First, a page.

Film: I Origins
Directed by: Mike Cahill
Starring: Michael Pitt, Steven Yeun, Brit Marling

What if you experienced something in your life that would result in shattering your preconceptions about it? That’s what Mike Cahill, director of 2011’s mystifying Another Earth, is asking with his new film I Origins. Luckily, that overlying theme is just a backdrop to an intimate story about obsession as a scientist is challenged to believe that there might be a higher power than scientific logic. I Origins paints an achingly beautiful portrait about love, loss, redemption, and the struggle to believe in the impossible.

I Origins follows Dr. Ian Gray (Boardwalk Empire’s Michael Pitt), molecular biologist studying the eye, as a brief encounter with a girl (Astrid Bergès-Frisbey) and her unique iris transfixes him. Ian and his lab partner, Karen (The East’s Brit Marling), happen upon a scientific breakthrough that will shake the foundations of science and faith. Their findings are interrupted when Ian falls in love with that exotic girl and finds her exact iris existing in a child in India. To Ian, this can’t be possible because no set of eyes is an exact match to another. What follows is Ian’s obsessive journey to discover the truth.

With Another Earth, Mike Cahill proved that he has a knack for developing intimate stories with big Sci-Fi concepts. In I Origins, he wanted to tow the line between science and faith while studying the question of “what happens after we die?” If you are a man/woman of faith in religion or science, this movie may not be for you. Already, bible-thumpers and scientific-aficionados have been trashing I Origins. Cahill isn’t a filmmaker that is destined to ruffle feathers, he makes films that ask honest questions and give possible explanations. If anything, Cahill is a perfect example of a director that will choose story over aesthetic when providing a Sci-Fi-esque concept. His new film may be a testament to how beautiful 4K resolution can be but it’s his dedication to shooting on location, unwavering allegorical ideals, and experimenting with film making technology that make him unlike any film maker today.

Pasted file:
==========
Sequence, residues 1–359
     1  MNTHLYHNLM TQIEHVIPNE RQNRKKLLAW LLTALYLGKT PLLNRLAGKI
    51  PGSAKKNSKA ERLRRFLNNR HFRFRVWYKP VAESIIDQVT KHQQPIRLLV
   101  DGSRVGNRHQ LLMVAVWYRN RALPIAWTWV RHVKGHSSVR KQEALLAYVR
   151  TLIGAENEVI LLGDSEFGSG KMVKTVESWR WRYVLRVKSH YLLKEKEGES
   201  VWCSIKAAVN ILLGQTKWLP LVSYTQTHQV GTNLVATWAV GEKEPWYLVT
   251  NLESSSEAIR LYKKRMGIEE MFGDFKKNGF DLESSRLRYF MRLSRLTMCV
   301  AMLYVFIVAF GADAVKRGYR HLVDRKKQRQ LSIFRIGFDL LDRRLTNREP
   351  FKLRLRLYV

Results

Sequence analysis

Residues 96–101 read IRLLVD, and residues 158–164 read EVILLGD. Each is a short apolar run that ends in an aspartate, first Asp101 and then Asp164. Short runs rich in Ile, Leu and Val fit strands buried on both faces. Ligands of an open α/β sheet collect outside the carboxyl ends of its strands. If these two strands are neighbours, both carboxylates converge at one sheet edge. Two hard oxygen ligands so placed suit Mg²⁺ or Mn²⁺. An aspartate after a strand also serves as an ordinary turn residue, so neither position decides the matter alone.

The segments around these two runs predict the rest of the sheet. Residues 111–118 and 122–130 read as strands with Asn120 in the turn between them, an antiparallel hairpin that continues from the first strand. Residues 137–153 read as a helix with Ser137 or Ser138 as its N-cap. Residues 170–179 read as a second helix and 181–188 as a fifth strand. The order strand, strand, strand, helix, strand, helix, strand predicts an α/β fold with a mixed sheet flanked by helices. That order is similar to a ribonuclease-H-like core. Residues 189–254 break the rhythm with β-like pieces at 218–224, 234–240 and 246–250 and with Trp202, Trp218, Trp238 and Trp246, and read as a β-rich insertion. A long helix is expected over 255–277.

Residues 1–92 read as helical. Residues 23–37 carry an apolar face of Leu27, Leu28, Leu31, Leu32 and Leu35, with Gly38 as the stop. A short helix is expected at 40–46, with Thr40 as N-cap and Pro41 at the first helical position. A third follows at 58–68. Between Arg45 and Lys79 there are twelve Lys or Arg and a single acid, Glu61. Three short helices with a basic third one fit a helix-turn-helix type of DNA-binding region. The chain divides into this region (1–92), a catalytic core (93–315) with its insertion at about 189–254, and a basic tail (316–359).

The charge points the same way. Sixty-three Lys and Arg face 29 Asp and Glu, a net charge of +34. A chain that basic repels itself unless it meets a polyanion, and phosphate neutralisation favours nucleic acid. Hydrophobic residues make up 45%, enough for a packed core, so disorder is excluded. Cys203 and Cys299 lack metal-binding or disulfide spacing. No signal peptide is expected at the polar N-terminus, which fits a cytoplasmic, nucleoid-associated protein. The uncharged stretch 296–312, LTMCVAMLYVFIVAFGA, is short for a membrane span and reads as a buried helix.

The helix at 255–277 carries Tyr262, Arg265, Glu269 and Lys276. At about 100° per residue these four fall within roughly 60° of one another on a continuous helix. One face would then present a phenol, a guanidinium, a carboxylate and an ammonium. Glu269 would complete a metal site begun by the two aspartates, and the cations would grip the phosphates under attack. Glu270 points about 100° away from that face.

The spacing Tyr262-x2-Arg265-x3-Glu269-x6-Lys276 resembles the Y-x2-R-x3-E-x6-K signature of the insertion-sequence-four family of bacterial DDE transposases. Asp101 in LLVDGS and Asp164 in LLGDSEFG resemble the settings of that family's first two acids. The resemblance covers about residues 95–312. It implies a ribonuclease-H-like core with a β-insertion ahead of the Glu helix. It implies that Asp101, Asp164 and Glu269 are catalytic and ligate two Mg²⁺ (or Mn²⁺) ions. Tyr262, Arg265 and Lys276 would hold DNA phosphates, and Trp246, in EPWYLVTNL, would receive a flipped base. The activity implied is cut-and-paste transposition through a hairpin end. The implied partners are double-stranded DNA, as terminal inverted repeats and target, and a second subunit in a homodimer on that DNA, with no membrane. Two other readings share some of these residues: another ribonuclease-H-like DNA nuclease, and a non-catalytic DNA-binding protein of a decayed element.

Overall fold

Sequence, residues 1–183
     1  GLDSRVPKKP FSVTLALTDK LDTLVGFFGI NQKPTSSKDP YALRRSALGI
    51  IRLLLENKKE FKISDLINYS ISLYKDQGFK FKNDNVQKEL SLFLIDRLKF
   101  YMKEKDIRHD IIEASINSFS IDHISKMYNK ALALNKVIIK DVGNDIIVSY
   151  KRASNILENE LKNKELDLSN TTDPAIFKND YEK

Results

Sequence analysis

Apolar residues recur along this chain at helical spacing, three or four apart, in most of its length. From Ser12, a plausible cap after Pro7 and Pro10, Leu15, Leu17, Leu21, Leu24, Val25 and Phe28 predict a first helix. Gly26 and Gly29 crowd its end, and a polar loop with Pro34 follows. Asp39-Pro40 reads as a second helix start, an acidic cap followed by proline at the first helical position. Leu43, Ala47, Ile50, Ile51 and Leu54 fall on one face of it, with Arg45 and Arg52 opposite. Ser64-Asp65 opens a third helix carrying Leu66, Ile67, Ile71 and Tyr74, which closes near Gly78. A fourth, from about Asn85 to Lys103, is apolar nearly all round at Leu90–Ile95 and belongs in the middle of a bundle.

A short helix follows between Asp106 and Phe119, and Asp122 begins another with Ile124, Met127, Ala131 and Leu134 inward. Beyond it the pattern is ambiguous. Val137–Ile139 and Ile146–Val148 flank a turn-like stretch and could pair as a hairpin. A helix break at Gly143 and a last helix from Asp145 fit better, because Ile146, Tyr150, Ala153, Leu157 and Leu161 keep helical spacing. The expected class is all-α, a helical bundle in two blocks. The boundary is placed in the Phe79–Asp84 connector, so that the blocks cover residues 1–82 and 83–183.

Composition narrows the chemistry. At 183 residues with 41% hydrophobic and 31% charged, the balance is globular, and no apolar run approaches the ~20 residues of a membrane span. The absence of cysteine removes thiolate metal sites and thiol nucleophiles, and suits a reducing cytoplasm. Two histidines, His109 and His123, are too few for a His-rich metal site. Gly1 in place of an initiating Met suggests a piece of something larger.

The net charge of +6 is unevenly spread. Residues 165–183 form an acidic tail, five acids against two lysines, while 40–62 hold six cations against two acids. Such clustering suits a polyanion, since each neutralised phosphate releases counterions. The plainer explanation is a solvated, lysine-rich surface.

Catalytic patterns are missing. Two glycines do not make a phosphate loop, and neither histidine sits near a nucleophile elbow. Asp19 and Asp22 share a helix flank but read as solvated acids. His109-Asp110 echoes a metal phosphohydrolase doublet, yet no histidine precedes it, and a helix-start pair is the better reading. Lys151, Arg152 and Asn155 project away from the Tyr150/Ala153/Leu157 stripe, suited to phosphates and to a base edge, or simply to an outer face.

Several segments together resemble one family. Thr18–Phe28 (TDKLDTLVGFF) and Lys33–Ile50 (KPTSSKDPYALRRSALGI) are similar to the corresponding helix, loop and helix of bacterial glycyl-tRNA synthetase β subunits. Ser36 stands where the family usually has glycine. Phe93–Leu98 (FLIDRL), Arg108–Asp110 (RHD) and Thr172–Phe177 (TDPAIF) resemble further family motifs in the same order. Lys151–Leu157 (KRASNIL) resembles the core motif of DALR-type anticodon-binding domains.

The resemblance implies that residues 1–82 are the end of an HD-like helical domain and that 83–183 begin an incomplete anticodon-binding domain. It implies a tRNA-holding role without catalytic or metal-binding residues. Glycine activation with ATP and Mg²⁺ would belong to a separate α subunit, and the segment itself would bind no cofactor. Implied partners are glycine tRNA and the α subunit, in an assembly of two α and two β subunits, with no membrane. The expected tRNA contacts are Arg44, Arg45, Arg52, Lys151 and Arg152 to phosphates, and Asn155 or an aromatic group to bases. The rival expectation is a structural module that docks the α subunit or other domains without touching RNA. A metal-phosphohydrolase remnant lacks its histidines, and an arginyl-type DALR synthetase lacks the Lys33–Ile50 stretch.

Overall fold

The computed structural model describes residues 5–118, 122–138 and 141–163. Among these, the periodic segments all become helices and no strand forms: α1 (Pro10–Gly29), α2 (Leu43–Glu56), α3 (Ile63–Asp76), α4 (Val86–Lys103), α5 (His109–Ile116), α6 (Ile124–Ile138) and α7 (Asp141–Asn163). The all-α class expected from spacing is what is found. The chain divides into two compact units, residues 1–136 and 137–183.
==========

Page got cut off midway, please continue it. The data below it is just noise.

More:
Michael Pitt, famous for his role on Boardwalk Empire, brings a nuanced light to the part of a scientist whose beliefs are being challenged. Instead of getting angry or mad at something that he can’t explain, Ian Grey gets a sort of physical sickness. He goes through the throes of loss and grief with this information he is trying to uncover. Instead of going from disgruntled to open-minded, Ian’s journey plays like an idea, starting from a kernel of knowledge, continuing the struggle to grow, and then achieving something that transcends anything anyone could have thought.

Brit Marling and Astrid Bergès-Frisbey play the two lovers (Karen and Sofi) to Ian in I Origins. Marling’s Karen is the more rational partner to Ian, she’s a person who scientific and logical ideals are always in place. Sofi is the kind of person that is wild, young, free, and still unwavering in her spiritual beliefs. Ian may seem drawn to them for different reasons but in reality, they both represent strong women that support Ian whilst sticking to their respective ideals.

If I were to have any gripe with I Origins is its lack of direction about 1/2 way through the film. We get to a point in Ian’s life where he is floating in a sea of grief and despair. This part of his life goes on for far too long and then catapults to years in the future. Of course, this is about as minor as a gripe can get but part of me wanted the story to move a bit faster.

Where I Origins succeeds as a cerebral drama is the way that it displays the messages of life, death, reincarnation, loss, and science. The film benefits from being emotionally raw to the point where you are tearing up at the just the idea of someone trying to grapple with the possibility that there may be something much more powerful than himself. Cahill has a knack for showing that empty and lacking feeling that people have when their whole life is turned upside down. Here’s to hoping that someone keeps funding Cahill’s projects because this guy is the real deal and he will only continue to flourish into a filmmaker that can do a lot with a little. I Origins is a breathtaking testament to the human condition on the big screen, a film that challenges as much as entertains and provokes intelligent thought.


Review written by Sam Cohen – (Follow him on Twitter)

Sam Cohen
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